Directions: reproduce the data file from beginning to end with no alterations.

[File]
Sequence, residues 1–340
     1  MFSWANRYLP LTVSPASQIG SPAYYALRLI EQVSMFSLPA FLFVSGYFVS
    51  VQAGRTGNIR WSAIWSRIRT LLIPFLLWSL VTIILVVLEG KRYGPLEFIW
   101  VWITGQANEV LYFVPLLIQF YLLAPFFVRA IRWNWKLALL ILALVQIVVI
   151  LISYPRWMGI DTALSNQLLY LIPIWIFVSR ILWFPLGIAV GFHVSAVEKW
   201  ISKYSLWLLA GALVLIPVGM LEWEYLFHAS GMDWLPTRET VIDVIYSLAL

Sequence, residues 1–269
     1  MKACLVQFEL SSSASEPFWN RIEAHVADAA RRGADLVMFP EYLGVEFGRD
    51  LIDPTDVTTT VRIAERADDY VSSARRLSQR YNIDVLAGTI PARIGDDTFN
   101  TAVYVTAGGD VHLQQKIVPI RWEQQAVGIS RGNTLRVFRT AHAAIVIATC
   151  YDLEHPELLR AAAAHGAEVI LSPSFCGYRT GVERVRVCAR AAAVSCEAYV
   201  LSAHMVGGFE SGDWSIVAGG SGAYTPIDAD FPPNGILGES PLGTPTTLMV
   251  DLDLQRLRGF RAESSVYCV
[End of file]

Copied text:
Sequence, residues 1–340
     1  MFSWANRYLP LTVSPASQIG SPAYYALRLI EQVSMFSLPA FLFVSGYFVS
    51  VQAGRTGNIR WSAIWSRIRT LLIPFLLWSL VTIILVVLEG KRYGPLEFIW
   101  VWITGQANEV LYFVPLLIQF YLLAPFFVRA IRWNWKLALL ILALVQIVVI
   151  LISYPRWMGI DTALSNQLLY LIPIWIFVSR ILWFPLGIAV GFHVSAVEKW
   201  ISKYSLWLLA GALVLIPVGM LEWEYLFHAS GMDWLPTRET VIDVIYSLAL

Sequence, residues 1–269
     1  MKACLVQFEL SSSASEPFWN RIEAHVADAA RRGADLVMFP EYLGVEFGRD
    51  LIDPTDVTTT VRIAERADDY VSSARRLSQR YNIDVLAGTI PARIGDDTFN
   101  TAVYVTAGGD VHLQQKIVPI RWEQQAVGIS RGNTLRVFRT AHAAIVIATC
   151  YDLEHPELLR AAAAHGAEVI LSPSFCGYRT GVERVRVCAR AAAVSCEAYV
   201  LSAHMVGGFE SGDWSIVAGG SGAYTPIDAD FPPNGILGES PLGTPTTLMV
   251  DLDLQRLRGF RAESSVYCV